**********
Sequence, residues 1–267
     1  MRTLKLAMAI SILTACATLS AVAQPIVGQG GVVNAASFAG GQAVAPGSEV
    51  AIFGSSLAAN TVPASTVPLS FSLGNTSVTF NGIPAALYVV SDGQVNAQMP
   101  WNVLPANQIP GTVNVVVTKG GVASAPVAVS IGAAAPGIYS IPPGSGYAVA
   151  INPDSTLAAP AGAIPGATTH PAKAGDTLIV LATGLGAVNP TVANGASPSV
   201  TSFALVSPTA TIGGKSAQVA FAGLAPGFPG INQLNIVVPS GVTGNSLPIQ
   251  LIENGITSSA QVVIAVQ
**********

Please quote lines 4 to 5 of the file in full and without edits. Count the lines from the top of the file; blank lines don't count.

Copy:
   101  WNVLPANQIP GTVNVVVTKG GVASAPVAVS IGAAAPGIYS IPPGSGYAVA
   151  INPDSTLAAP AGAIPGATTH PAKAGDTLIV LATGLGAVNP TVANGASPSV